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Debian to Run on AMD64 198

dark-br writes to tell us TechWorld is reporting that the next Debian release will be able to run native on AMD64 processors for the first time. From the article: "The GNU/Linux 4.0 operating system, also known as "Etch," is planned for release in December, the group said. It will also have new security features, including encryption and digital signatures to ensure that downloaded packages are validated."
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Debian to Run on AMD64

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  • Re:Great! (Score:2, Insightful)

    by MoxFulder (159829) on Wednesday July 26, 2006 @01:29AM (#15781911) Homepage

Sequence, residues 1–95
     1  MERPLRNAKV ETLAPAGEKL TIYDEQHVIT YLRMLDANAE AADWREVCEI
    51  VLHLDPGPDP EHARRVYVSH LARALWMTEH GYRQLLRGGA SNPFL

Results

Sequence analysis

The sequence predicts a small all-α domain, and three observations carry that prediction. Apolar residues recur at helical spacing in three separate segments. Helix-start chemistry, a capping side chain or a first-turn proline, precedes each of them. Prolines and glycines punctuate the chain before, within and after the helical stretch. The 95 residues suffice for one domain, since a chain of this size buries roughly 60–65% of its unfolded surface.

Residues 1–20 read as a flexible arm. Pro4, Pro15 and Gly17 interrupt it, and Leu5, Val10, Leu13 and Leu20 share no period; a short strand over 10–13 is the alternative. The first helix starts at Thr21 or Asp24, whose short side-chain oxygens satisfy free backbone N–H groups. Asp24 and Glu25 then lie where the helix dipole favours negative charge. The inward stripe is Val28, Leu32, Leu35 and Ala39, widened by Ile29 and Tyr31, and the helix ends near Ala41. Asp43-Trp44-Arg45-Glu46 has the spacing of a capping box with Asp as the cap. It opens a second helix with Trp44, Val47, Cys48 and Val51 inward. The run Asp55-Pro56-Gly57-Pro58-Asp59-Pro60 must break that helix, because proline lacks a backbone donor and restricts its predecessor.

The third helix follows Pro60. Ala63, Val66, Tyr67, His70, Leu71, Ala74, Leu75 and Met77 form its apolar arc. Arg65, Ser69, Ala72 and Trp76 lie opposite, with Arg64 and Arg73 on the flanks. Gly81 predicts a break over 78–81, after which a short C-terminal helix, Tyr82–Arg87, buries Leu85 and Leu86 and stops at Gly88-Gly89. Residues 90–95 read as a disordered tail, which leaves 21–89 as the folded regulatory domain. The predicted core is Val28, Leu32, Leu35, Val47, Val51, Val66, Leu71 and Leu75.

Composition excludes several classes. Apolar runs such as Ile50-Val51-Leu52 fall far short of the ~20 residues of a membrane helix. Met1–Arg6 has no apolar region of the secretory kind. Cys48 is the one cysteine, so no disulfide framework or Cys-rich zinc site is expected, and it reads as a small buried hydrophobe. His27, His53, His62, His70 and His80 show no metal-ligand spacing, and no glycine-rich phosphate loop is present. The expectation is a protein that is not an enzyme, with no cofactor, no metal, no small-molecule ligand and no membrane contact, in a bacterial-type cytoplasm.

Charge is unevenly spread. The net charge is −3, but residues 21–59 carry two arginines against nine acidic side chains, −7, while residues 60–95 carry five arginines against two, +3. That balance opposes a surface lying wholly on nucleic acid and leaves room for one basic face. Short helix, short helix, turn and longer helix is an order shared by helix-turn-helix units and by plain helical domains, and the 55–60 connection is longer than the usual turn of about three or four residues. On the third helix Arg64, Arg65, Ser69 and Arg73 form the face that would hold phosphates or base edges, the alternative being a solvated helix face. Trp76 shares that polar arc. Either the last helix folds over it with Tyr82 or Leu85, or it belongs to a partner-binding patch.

My thoughts exactly... when I read this I thought... uh, Debian doesn't do amd64 already? Then why have I been running it on Ubuntu for months? Oh well, guess Debian isn't all that relevant on the desktop these days, though still my default choice for a server.
  • by Depili (749436) on Wednesday July 26, 2006 @01:41AM (#15781944)

    The slashdot summary is almost the whole article text from a ad-ridden page.

    And nothing screams "hey, we want your traffic for free!" more than the submit to digg and submit to slashdot links bellow the small article...

  • by bubbl07 (777082) on Wednesday July 26, 2006 @01:42AM (#15781948) Homepage
    Although it's great that Debian's finally on the x86_64 bandwagon, it's a bit delayed. They've lost a lot of share to other distros that have been able to adapt to 64-bit computing such as SuSE, RedHat, Ubuntu, Gentoo, etc. Coming from an era in which Debian was one of the top three distros, it'd be a pretty impressive testament to the Debian community if they can resurrect it to near its former glory.